the planetoid; 6Z/the surrounding tertiary matter; cc'the 
surface of the globe ; d d' d" the mass in section of the 
tertiary matter finally resting above the surface of the globe ; 
1 1' and t" t" 1 will show the lines of greatest mass that will 
rest above the surface. The tertiary mass in segment of arc 
z z' in a heated viscous state would float round the denser 
core and finally appear upon the earth at d and d'. The 
extruded tertiary matter would generally finally rest in 
gravitation-equilibrium with a part of its mass sunk in the 



matrix matter of the globe, and being vitreous it would also 
tend to run down upon the surface, but in its early extrusion, 
being at the same time subject to the radiation of heat when 
projected much beyond the earth's surface, it would partially 
cool down and finally take a mean gravitation position in 
relation to the dense metallic core of the earth with con- 
siderable projection therefrom. 

Fig. 22. 

232. As the planetoid may be assumed to strike the globe 
near its equator, it would have more of its matter included 
upon the equatorial than the polar side of contact. The 
plutonic mass would therefore tend to extend poleward, 
diminishing its volume so as to leave the continent due to 
its projection of pear-shaped outline, with its broadest end 
towards the equator. 

233. The cold planetoid falling towards the earth-centre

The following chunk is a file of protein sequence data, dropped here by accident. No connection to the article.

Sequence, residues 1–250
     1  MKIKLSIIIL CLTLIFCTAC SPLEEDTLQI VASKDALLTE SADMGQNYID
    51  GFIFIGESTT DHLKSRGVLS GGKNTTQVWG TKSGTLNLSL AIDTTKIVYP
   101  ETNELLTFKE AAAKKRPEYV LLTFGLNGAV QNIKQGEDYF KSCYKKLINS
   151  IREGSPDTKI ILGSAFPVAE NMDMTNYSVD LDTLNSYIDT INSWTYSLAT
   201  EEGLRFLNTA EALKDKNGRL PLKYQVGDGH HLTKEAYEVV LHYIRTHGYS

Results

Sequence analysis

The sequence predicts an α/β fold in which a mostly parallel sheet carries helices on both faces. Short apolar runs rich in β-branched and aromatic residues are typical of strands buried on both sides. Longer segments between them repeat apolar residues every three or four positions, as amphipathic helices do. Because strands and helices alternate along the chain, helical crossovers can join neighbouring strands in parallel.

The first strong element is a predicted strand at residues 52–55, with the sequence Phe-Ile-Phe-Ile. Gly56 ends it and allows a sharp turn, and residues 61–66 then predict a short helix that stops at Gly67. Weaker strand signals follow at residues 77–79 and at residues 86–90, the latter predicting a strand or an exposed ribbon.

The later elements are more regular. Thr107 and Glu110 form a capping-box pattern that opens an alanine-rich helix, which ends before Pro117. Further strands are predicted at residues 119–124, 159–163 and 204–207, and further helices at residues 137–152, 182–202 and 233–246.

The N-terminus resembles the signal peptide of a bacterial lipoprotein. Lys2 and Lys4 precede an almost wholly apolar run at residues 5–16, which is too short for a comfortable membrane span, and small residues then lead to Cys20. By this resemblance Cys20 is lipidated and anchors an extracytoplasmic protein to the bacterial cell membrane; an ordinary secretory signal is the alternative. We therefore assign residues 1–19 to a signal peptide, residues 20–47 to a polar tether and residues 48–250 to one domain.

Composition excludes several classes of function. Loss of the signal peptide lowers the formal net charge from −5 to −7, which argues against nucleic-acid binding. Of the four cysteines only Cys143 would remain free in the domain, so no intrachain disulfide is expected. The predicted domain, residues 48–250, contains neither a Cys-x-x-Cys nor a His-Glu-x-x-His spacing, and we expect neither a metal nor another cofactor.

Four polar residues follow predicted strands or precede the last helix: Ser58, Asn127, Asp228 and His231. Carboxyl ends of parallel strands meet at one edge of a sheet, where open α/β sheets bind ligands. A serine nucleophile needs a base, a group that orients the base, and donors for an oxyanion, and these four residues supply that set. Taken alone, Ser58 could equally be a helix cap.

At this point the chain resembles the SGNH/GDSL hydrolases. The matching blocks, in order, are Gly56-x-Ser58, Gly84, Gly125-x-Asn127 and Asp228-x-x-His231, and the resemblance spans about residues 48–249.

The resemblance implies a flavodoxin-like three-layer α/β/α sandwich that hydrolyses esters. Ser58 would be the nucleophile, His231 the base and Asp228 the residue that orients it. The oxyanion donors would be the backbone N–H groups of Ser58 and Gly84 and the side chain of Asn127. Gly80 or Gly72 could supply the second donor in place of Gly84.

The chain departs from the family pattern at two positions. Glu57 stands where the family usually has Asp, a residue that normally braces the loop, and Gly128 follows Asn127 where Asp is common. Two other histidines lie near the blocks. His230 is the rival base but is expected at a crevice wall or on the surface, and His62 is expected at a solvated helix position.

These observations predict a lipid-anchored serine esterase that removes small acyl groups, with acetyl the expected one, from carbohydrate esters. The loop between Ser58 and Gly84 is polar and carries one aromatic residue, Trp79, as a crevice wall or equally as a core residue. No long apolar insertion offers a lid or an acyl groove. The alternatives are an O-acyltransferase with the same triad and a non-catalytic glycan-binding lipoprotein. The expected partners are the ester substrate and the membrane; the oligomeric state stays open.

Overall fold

would leave its upper surface exposed for a period, and this 
shutting-offthe radiation from the highly-heated globe beneath 
would cause a rapid deposition by condensation of the super- 


imposed nebula, so that it would acquire a heavy surface- 
stratum of new deposition beyond that of the planetoid's mass. 

234. In the above we have taken an extreme case, The 
special condition of the fall of small bodies of meteoric matter 
could not have produced distinct features upon the earth's 
surface. If meteoric bodies fell in swarms, the effects would 
be the same as those just considered for single planetoids, 
but probably with more dispersion upon the earth's surface. 
The general detached fall of single small meteorites could only 
produce a certain amount of incidental inclusion of that which 
appears to be foreign matter to the system of stratification 
wherein it fell, which is recognized by geologists. 

235. It cannot be assumed that the foregoing conditions of 
projection of large planetoids could remain permanent, being 
since subject to long periods of atmospheric denudation and 
all the after- conditions of our globe, of which we have full 
knowledge by geological evidences that remain in volcanic and 
stratified rocks ; but upon the whole the initial setting-out of 
the globe in local land-areas, if it occurred by the inclusion of 
planetoid matter in the manner proposed, could never be 
eradicated. The forms of ancient continents have no doubt 
been modified in time by atmospheric conditions, and by the 
effects of oceanic currents, through the direction given by 
solar impulse, causing wear in their projecting parts and